27 guide = usher, ‘heading off’ => SHER, then “old man” = PA. Fine-tuning your cryptic ear a bit, to get “her pa”, they should really say “girl’s old man” or similar.
    1 – no problem for rhotic folk this time as both words have an R! Think of the choices with pored/poured/pawed. It’s the two pairs with “pawed” in that cause the trouble.
    12 I think “book’s list of sections” = “contents table”.
    18 Not sure how much of the meaning/origin of “wallflower” you remember, but it’s often used in the context of dances, where those too shy to take part are close to the wall, and of course not “paired up” with a partner.

    1. some of my best friends were wallflowers — in fact, I was the male equivalent myself (any offers for the correct term?)
  2. 21ac. There’s a third meaning for “butt” which I think is clearly intended by the setter: a target in archery, or the mound of earth behind the target.
  3. 8:56 here, the last minute or so spent agonising over BUTT. (I would have thought it impossible (and irrelevant) to say which “target” the setter intended in 21a – it could be an archery one or it could be a target of abuse and ridicule as Ilan suggests.)

    I’m not sure if there’s a term for a male wallflower, but I’m tempted to suggest a wall-vegetable ;-), since the convention in most dances in this country, and perhaps the USA as well, is that the man asks the woman to dance.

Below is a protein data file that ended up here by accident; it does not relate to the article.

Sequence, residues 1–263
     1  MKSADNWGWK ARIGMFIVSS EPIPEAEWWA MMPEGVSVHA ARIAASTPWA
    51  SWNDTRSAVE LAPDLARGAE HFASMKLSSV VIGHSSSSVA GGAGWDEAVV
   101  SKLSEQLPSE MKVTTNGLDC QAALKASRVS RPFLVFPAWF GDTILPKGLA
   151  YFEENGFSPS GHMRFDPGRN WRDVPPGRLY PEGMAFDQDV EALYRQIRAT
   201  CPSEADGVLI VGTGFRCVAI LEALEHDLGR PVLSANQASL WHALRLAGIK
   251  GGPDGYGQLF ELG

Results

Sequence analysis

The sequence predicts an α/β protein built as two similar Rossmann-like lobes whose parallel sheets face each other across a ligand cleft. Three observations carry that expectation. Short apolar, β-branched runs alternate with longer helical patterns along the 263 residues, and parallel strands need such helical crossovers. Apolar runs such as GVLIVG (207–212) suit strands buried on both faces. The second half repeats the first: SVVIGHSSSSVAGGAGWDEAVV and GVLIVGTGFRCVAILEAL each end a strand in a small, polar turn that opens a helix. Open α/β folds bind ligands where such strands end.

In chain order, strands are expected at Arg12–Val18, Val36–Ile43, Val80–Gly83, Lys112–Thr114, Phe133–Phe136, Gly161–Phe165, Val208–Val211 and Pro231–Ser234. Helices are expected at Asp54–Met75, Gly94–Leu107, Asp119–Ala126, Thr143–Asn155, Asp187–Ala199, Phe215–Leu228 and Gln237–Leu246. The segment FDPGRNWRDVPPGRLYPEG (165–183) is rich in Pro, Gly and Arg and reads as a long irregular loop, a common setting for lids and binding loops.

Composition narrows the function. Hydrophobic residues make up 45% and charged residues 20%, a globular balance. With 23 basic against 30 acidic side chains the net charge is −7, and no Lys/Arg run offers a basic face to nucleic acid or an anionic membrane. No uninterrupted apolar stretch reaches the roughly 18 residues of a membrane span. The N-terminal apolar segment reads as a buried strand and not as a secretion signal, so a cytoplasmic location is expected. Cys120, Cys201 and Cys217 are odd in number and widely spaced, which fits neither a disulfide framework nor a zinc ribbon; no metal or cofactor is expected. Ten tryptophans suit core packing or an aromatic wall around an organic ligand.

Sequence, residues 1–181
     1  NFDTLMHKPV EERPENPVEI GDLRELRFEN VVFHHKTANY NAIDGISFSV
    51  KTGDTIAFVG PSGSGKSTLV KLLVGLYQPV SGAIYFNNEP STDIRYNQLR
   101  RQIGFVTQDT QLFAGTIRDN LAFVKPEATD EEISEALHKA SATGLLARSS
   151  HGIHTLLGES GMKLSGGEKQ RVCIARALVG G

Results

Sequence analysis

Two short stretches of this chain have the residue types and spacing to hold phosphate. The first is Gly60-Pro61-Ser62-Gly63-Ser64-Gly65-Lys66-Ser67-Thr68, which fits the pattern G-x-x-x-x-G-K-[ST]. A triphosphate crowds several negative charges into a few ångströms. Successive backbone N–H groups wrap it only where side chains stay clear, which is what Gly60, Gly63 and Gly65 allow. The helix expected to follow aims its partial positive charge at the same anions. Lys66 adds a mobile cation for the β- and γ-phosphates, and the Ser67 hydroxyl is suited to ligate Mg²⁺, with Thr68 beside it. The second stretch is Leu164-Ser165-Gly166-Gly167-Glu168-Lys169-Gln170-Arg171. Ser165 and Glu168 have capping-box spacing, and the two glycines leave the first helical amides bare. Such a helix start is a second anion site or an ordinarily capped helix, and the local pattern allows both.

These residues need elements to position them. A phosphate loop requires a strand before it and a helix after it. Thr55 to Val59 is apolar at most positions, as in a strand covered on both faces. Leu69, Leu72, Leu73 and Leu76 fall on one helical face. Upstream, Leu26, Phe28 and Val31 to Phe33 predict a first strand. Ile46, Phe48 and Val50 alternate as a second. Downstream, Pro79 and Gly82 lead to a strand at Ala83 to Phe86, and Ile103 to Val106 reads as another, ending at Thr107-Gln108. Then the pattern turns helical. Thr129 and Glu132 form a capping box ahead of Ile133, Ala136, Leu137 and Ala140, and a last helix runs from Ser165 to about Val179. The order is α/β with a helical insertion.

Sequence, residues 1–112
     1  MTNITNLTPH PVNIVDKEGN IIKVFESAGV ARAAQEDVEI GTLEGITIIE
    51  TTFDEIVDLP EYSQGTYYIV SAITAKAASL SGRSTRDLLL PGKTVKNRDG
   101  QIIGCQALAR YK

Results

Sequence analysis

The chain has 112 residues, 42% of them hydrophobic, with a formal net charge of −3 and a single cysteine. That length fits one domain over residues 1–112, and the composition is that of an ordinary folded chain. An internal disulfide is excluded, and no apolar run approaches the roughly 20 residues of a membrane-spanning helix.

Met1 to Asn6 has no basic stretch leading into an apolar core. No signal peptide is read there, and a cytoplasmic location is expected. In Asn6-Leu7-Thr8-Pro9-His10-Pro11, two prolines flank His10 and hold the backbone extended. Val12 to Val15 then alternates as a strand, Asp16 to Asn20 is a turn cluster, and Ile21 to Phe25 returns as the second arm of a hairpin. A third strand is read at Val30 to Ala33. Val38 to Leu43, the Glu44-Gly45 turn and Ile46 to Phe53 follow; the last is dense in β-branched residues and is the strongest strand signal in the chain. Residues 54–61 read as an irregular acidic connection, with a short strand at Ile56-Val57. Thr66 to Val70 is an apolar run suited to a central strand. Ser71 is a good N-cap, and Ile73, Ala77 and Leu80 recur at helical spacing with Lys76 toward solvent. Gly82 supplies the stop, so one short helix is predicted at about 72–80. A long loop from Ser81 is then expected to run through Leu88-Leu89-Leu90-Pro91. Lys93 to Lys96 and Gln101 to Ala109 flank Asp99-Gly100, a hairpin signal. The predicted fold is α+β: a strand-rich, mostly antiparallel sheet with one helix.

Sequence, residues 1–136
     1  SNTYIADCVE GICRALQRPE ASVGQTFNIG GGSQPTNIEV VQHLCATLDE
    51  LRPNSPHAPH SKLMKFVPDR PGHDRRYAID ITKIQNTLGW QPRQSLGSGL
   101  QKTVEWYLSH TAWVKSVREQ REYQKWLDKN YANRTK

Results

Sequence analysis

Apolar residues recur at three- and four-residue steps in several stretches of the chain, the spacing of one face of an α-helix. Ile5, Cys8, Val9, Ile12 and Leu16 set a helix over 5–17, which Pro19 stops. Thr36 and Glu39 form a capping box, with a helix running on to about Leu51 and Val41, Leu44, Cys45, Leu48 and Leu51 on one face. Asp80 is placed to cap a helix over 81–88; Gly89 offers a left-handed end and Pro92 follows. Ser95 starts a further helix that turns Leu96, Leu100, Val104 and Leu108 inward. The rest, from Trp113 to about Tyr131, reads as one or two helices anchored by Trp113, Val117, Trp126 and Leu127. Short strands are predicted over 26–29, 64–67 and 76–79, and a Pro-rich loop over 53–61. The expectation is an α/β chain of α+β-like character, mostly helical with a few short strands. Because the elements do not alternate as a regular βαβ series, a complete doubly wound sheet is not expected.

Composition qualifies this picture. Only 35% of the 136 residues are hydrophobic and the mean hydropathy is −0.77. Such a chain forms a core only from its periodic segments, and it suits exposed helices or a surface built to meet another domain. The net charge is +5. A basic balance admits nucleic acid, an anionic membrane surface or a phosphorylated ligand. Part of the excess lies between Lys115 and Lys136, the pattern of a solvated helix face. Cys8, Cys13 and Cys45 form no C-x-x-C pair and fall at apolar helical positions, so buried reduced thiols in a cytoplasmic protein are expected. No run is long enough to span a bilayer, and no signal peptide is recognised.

4. Got stuck after 45 mins at 18d and 21a, I used Chambers to check Gubbins but had to give up on BUTT, I suppose the jokes on me.
    1. Wish I’d gone to the theatre Monday night instead of Tuesday: saw “The Entertainer” in which Robert Lindsay makes liberal use of GUBBINS.
  5. I was a bit puzzled by the definition of “progressing” as “promoting”. “Promote” is a transitive verb, whereas “progress” is generally intransitive; the transitive use is fairly uncommon, and I haven’t yet thought of a sentence in which the two words could be interchanged. I could only link them via a word chain: “promoting” = “advancing” = “progressing”, but unlike a mathematical equation, where a = b and b = c, c does is not necessarily equivalent to a.
    1. 7D was provided: P,R(OGRESS)ING – the definition (“promoting”) and answer seem too similar structurally in my view for this to be a great clue.

      5A was TRIP(O)S (ref. Cambridge exams)


  6. A cream tea isn’t a snack calorie-wise?

    As usual I had most trouble with a couple of short double defs – namely the brave boast at 13a and the Glasgow kiss at 21a. Some “easies” requests above but here are the omitted answers in full:

    5a Blunders getting no marks in important examination (6)
    TRIP 0 S. Spent ages trying to get 0M into this.

    15a Putting on a party at pub rejected – no good (7)
    DO NNI N G

    17a (A supply)* that’s faulty gives trouble (5,2)

    2d Priest seen among non-bELIvers (3)

    4d Beer manufacturers won’t use first two jugs (5)
    (BR) EWERS

    6d Artist with small part in Spellbound (4)
    RA PT

    9d One tearing after street entertainer (8)

    24d Fish initially placed at bottom of crate? (4)
    CAR P

    26d Strong emotion of father losing son (3)
    (S) IRE